Information warfare and information operations constitute the foundation of the People’s Liberation Army’s (PLA) doctrine of winning what it calls “informationized wars (信息化战争).”  Electronic warfare (EW), one of five pillars of information warfare, has found its way to the forefront of the PLA’s war preparation agenda. All PLA major exercises now feature significant EW components.
These developments have real-world implications: In late January, PRC media unveiled a new type of airborne jamming system mounted on Xi’an H-6G long-range heavy bombers, trumpeting its role in reinforcing PRC electromagnetic spectrum dominance in the South China Sea (Huanqiu Net, January 24). The muscle flexing shows growing PRC confidence in EW technology and widening EW capability gap between the PRC and its neighbors.
Despite all this, the PLA’s EW capacity has been a neglected topic, primarily because of the lack of quality information. However, new sources, examined here for the first time in English-language PLA analysis, allow us a unique look at previously unexamined subjects. For the purposes of simplicity, this paper leaves aside issues such as sensors, communications equipment, and weapons systems to focus on one facet of EW, namely, how the PRC conceptualizes and prepares for radar countermeasure (RCM; 雷达对抗) . Indispensable to modern wars, the “blinding” of enemy radars with EW complexes provides friendly forces a critical edge in combat. Therefore, the PLA thinking illuminated by the main text of analysis, including simulations of strikes against enemy carrier battle groups, deserves in-depth examination and assessment.
The Text to Be Analyzed
The bulk of this paper’s analysis draws from the Principles of Radar Countermeasure (雷达对抗原理), hereafter called Principles. Funded by the Central Military Commission’s Project 2110 and published by the PRC’s National Defense Industry Press, the book was last updated and reprinted in November 2016. The text is a collective effort of the PRC’s top radar and EW experts from the National University of Defense Technology’s Electronic Countermeasure Institute and all five PLA branches.
Based on the Electronic Countermeasure Institute’s internal textbooks, Principles reveals how RCM is taught in leading PRC EW schools and how PRC thinkers conceptualize RCM. Thus, we can say with confidence that Principles is an authoritative text with reliable information on the subject, one that allows us to treat the subject in much greater depth than has previously been the case in authoritative, open-source English-language publications.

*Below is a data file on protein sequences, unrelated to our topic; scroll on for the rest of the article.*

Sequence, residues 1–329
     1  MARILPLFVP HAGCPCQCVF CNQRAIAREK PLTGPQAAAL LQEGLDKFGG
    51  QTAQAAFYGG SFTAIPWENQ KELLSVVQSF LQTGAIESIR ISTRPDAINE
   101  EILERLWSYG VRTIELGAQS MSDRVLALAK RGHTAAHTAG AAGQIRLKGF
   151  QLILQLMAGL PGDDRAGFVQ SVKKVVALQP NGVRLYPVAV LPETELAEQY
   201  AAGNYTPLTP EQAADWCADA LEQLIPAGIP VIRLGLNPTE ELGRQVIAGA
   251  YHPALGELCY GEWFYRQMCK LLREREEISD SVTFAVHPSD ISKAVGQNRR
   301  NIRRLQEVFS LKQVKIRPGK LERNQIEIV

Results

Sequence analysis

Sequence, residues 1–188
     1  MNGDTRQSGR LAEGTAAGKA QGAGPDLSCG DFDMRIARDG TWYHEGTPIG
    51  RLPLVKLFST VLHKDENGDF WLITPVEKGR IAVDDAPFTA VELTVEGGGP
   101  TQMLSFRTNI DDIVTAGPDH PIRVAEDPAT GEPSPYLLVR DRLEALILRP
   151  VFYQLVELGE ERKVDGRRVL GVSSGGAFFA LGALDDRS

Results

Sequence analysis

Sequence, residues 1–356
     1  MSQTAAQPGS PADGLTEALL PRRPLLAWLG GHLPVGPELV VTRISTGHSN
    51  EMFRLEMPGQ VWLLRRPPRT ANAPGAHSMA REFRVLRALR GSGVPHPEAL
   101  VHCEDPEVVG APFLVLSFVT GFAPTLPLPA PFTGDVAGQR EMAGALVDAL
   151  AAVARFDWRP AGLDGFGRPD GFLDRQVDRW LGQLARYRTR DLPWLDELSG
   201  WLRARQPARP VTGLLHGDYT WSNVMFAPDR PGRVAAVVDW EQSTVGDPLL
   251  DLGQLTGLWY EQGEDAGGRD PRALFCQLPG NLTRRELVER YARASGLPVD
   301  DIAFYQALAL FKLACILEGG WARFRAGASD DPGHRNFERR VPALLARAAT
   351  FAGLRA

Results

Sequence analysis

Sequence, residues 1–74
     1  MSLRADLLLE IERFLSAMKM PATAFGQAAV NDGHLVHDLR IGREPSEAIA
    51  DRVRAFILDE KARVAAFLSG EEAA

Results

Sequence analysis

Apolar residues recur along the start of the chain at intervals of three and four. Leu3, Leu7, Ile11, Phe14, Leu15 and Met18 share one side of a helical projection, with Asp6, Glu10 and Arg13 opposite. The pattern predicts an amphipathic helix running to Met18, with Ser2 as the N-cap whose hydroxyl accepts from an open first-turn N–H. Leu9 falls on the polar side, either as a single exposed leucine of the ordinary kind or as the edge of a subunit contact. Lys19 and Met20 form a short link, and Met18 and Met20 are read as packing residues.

Differences in PRC and US Perceptions of EW
It is important to note that the PRC is learning quickly from the US in EW matters. PRC thinkers keep a very close watch for new ideas coming out of its number one competitor—the US. At a recent Qian Xuesen Forum that saw the gathering of leading PLA-affiliated scientists and engineers, an expert with the PLA’s Strategic Support Force delivered a speech on artificial intelligence and electromagnetic spectrum warfare, an expansion of current EW concepts first publicized in 2015 that has yet to be fully embraced by the Pentagon (81IT Net, February 22).
Perhaps because of this, while PRC and American thinkers use different terminology to describe various aspects of EW, their concepts largely overlap. US experts subdivide EW into three areas: electronic support, electronic attack, and electronic protection. In Chinese jargon, these three are respectively called electronic countermeasure reconnaissance (电子对抗侦察), electronic offense (电子进攻), and electronic defense (电子防御) (Principles, pp. 2–3).
There are two key differences to note: Firstly, the Chinese jargon “target electronic protection (目标电子防护)” refers specifically to target protection, while the American term “electronic protection” covers a much broader area. Secondly, Americans view jamming and deception as two distinct concepts, while PRC experts see them as an integrated whole (Principles, p. 3–4).
The Chinese term for EW is “electronic countermeasure (电子对抗).” RCM is further defined as “a form of electronic countermeasure aimed at protecting friendly radars and undermining/damaging the effectiveness of enemy radars (including radar countermeasure equipment) (Principles, p. 4).”
PRC Views on RCM “Hard Kills”
Hard-kill refers to the substantive destruction of enemy assets. PRC thinkers view anti-radiation missiles, drones, bombs, and high-power microwave weapons as the main tools of trade in the substantive destruction of enemy radar systems. Principles describe in some detail the pros and cons of each of these methods, as well as how they are to be used in combat.